When I started staining the north side of the barn a few weeks ago, I never imagined it would get done so quickly. The combination of dry days in the 70’s and helpers at home to watch when I was on the high areas helped this get done very quickly. It’s very seldom something gets done ahead of schedule, but this project beat winter by a long shot.


We completed the west and north sides of the barn this summer (as long as we don’t look at the east and south sides, we can be happy).

iowa barn

Here’s a head-on view of the north side, recently stained and painted barn. There are still some odd boards to replace, but the barn is more ready for wetness now! The white trim against the red sure makes it look sharp.

one year ago…”Never-Ending Raspberries”

August 24, 2009 – Worst of the North Side Barn Staining

I can’t stand the tacky looking north side of the barn any longer.  I’ve started staining it red to avoid future scraping.

The worst part is complete, above the top windows – it’s probably between 35-40 feet to the top – which is a long way up on a ladder.  I happy that part is complete, and now the trips up and down will be much shorter and not nearly as far to the ground!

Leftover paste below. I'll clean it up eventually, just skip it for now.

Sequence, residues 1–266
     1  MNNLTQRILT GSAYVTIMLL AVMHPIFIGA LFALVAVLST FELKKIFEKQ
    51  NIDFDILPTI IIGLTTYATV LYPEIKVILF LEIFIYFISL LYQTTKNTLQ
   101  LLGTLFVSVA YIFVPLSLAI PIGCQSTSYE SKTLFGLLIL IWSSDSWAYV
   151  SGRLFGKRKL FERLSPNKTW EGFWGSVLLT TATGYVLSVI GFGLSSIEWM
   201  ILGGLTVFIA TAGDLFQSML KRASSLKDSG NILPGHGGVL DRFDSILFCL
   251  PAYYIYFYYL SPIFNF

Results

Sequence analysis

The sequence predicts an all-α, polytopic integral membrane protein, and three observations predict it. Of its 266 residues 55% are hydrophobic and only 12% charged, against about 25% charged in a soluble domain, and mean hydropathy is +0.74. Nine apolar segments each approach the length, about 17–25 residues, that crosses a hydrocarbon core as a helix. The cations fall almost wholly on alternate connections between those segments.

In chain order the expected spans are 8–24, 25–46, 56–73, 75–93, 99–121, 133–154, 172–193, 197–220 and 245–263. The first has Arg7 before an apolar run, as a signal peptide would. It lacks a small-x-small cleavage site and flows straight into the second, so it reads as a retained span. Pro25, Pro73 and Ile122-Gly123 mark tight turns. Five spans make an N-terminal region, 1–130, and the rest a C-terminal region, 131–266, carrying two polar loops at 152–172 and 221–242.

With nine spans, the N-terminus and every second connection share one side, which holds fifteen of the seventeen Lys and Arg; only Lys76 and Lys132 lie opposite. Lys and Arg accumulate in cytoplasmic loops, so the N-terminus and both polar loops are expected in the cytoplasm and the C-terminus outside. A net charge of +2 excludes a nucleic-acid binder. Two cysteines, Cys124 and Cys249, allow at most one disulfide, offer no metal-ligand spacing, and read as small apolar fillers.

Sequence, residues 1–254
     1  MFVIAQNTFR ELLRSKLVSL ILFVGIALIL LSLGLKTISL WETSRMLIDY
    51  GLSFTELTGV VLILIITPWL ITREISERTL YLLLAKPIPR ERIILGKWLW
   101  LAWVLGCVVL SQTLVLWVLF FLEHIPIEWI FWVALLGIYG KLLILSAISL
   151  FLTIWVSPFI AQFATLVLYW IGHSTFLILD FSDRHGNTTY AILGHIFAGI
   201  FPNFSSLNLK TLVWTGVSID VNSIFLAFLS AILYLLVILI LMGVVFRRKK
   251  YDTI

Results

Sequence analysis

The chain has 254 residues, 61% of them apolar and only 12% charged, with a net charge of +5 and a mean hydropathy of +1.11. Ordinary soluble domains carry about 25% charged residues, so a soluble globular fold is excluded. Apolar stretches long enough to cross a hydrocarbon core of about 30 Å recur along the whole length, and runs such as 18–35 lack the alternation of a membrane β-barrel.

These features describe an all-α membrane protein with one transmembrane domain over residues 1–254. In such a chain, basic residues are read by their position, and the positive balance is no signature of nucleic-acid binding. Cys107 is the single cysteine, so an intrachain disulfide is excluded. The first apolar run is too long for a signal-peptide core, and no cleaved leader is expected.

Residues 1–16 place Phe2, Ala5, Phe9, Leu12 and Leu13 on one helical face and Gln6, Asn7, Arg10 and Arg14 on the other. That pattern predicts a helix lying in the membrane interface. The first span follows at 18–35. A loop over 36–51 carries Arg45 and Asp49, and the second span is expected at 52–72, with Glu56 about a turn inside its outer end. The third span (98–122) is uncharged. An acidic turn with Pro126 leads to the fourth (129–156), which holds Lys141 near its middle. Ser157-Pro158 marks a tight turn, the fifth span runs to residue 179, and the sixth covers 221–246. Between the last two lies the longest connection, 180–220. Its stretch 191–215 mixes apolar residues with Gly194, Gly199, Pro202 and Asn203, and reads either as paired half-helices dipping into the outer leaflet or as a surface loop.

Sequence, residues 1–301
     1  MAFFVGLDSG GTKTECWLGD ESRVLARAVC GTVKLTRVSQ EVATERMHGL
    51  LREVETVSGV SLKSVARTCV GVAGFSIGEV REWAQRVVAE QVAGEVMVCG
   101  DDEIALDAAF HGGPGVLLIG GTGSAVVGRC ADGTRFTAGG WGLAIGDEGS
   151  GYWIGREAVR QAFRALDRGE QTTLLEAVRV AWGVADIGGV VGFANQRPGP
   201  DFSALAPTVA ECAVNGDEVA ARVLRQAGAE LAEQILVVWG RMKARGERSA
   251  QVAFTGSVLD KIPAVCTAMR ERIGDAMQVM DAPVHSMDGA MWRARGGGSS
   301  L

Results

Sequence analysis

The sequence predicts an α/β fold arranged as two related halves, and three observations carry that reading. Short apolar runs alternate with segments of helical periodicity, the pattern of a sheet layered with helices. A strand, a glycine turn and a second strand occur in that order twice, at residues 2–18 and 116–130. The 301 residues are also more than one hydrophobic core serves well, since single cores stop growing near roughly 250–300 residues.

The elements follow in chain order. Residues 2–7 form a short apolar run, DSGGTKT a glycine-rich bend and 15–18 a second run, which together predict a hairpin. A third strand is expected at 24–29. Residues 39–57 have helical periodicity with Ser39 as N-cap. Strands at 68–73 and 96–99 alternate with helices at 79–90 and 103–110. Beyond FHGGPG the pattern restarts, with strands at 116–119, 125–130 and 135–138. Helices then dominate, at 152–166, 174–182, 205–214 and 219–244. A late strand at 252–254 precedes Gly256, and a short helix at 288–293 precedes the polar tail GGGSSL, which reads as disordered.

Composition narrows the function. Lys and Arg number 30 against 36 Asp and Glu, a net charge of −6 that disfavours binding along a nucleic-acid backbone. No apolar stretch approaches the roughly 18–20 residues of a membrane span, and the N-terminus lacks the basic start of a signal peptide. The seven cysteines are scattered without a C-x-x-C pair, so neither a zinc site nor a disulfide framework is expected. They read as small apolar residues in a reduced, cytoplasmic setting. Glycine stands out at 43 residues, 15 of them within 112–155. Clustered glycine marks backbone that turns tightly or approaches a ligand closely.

one year ago…”Front Page News – Linda”

June 14, 2009 – EZ Barn Door

Today I’m going to pass on a neat trick to rebuild barn doors.  Our barn has entry doors with separate top and bottom doors.  The interior cross-member bracing fits into slots built into the door frame.  The first time I tried to build a replacement door, I measured and built the complete door perfectly square in the shop and when I went to attach it, found out neither the frame, nor the adjoining door was square, so I ended up cutting and shaping the new “square” door to fit and it took way too long.

build barn door

A neighbor saw my struggles and offered a bit of advice – forget working in the shop and build the door in place.  The first step is to nail the interior cross bracing into the slots on the frame.  Just nail the boards in with small finishing nails, because after the door is built, these nails will be pounded out as the door swings open for the first time and either pulled out backwards or pounded into the board.  The top picture shows the two interior boards temporarily nailed in place.

build barn door

Next, measure and attach the exterior boards. In this case, they were all slightly different lengths.  You’ll notice that in this picture the white door trim is split near the threshold.  This bothered me, so shortly after this photo was taken, I got the tractor out and was able to use the loader to push in the bottom threshold beam back into place and replace the white trim board with one straight piece.  The boards are nailed or screwed in place and the hinges attached while the door is still nailed to the frame.

build barn door